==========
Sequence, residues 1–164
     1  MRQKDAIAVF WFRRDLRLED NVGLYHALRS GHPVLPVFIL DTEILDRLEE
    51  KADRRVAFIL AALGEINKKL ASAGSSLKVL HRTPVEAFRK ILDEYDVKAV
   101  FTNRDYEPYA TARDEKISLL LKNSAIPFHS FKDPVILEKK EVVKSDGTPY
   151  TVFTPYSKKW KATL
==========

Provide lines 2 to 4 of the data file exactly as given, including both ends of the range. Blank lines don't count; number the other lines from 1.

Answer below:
     1  MRQKDAIAVF WFRRDLRLED NVGLYHALRS GHPVLPVFIL DTEILDRLEE
    51  KADRRVAFIL AALGEINKKL ASAGSSLKVL HRTPVEAFRK ILDEYDVKAV
   101  FTNRDYEPYA TARDEKISLL LKNSAIPFHS FKDPVILEKK EVVKSDGTPY